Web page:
The International Situation and the Red Army

II. Genoa and the Hague

Japan at Genoa and at Vladivostok

Transcribed and HTML markup for the Trotsky Internet Archive by David Walters

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The Japanese Government is represented at Genoa. At Genoa it is going to construct peace and prosperity in Europe and throughout the world. At the same time it is represented at Vladivostok. It maintains its troops on the land of Russia’s workers and peasants on the pretext that order and civilisation are insufficiently safeguarded there. In the name of order and civilisation’ the Japanese Government is supporting in the Far East corrupt bandits, atamans, hired leaders of black gangs, it is setting them on the Russian working population, arming and feeding them, and protecting them from the armed rebuff of the workers and peasants. This regime of dishonour and baseness has already gone on for years. Artificially maintaining a state of bloody anarchy in the Far East, the Japanese Government thereby creates motives for the continued maintenance of its troops on the land of Russia’s workers and peasants’ and then, by means of these troops, supports and increases the bloody anarchy that prevails. To this it must be added that the Far Eastern Republic is governed by the methods of formal democracy, while Japan is a bureaucratic absolutism based on a regime of castes. There is a worthwhile theme for meditation both by the diplomats at Genoa and by the diplomats of the Second and the Two-and-a-half Internationals.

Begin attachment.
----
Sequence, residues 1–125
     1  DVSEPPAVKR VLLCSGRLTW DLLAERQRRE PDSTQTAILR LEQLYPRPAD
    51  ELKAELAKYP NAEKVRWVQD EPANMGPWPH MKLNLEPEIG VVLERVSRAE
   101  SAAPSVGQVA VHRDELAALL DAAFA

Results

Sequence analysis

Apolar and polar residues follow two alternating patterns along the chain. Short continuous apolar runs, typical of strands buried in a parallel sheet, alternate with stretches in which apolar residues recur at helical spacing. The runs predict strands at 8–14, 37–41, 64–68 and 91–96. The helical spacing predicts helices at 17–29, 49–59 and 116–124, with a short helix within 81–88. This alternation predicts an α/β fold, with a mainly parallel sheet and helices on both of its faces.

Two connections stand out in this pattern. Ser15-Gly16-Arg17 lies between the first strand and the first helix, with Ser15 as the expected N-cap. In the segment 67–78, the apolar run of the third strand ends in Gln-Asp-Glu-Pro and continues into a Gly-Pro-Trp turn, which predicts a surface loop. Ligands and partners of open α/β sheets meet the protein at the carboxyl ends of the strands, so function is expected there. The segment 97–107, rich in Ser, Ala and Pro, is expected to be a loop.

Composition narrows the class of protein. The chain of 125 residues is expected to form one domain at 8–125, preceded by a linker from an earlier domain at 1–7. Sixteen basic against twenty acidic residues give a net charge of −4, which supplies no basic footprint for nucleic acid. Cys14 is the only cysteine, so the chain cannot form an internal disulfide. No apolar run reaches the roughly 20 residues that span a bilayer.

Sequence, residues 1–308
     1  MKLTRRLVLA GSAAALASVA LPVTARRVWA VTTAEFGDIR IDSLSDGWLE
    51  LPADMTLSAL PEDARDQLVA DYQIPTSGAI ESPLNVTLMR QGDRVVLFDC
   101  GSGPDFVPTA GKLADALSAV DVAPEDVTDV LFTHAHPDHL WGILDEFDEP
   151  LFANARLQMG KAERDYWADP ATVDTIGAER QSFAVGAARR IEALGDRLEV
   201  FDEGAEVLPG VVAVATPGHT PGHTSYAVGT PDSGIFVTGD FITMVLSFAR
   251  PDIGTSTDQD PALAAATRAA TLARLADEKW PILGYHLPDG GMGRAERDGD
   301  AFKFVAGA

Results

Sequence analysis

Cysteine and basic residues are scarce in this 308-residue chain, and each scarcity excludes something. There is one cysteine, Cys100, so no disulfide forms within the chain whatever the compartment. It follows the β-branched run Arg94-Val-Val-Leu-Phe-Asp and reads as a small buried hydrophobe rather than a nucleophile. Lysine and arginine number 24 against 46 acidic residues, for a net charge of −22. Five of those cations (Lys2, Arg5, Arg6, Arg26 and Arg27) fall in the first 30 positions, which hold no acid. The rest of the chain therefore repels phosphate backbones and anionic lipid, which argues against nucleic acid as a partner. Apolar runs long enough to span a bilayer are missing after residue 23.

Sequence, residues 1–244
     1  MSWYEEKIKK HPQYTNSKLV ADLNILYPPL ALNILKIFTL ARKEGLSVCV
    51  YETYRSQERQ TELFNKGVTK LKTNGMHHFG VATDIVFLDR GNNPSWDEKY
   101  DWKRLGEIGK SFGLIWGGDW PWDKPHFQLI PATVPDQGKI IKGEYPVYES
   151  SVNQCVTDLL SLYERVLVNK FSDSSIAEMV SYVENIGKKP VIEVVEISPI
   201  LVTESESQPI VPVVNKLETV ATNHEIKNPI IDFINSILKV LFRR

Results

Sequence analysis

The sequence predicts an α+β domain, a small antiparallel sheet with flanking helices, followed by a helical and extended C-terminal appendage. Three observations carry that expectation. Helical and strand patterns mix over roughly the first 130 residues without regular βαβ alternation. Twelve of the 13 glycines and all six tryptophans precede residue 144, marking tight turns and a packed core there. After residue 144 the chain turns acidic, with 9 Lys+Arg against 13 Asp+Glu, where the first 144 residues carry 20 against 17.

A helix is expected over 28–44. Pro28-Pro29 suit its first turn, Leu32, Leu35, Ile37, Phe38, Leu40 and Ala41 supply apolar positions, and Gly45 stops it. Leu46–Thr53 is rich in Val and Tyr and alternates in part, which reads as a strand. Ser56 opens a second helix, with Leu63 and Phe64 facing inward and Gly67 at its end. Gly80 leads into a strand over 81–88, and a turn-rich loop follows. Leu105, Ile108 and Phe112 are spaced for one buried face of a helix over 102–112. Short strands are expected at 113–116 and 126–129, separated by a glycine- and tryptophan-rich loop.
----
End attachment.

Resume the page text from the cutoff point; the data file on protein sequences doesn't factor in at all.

The forces of the Far Eastern Republic have again beaten the Whites – as so many times already – and are irresistibly advancing, sweeping away the remnants of the White-Guard bands sent by Japan on to Russian territory. But now Japanese troops have appeared from behind the scenes. Despite the fact that they had been warned by the Far Eastern Republic (1) of the forthcoming advance by the revolutionary army and (2) that this army had absolutely no intention of engaging in hostilities against the Japanese forces, the latter opened fire in a frenzied way, from rifles, machine-guns and artillery. The revolutionary forces withdrew without firing a shot, having suffered 30 casualties killed and wounded. [1]

In the name of the maintenance of order, democracy and civilisation, the troops of Japan, that is, of a caste monarchy, have again killed thirty [sic] Russian peasants and workers on Russian soil, on the soil of a little democratic republic. We shall put this down to their account, and that account we shall present, sooner or later, at Genoa or elsewhere.

April 11, 1922
Izv.V.Ts.I.K., No.82


1. On the general situation in the Maritime Province, see notes 38 and 53 to Volume Four.

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Last updated on: 30.12.2006